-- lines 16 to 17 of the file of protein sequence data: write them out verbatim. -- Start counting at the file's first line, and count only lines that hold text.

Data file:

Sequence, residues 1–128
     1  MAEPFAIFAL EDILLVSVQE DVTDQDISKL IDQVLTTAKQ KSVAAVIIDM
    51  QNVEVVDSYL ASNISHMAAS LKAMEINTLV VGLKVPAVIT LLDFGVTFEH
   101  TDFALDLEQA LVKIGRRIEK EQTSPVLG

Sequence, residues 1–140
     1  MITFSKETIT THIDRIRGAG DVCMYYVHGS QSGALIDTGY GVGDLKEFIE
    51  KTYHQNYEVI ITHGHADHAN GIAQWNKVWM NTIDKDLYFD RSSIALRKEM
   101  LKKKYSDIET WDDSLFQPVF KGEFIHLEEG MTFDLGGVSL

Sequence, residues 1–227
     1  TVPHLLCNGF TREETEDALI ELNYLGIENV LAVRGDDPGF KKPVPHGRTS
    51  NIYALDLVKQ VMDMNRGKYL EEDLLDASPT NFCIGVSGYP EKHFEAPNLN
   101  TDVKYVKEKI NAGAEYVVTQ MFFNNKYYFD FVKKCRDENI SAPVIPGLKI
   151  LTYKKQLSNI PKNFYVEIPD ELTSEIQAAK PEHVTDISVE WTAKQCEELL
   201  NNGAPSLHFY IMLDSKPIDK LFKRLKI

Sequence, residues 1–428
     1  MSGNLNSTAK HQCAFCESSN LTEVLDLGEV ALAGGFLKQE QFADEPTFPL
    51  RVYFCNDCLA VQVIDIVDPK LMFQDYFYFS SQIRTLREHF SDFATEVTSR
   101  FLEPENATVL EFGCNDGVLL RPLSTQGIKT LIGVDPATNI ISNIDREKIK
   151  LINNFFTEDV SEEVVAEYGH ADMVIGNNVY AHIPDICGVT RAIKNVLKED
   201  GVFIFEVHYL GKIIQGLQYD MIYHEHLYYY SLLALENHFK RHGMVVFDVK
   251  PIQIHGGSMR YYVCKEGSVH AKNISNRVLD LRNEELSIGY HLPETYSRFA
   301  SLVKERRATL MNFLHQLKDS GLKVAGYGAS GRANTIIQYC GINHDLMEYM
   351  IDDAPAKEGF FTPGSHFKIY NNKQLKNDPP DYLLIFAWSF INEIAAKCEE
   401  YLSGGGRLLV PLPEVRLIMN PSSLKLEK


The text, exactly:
     1  MSGNLNSTAK HQCAFCESSN LTEVLDLGEV ALAGGFLKQE QFADEPTFPL
    51  RVYFCNDCLA VQVIDIVDPK LMFQDYFYFS SQIRTLREHF SDFATEVTSR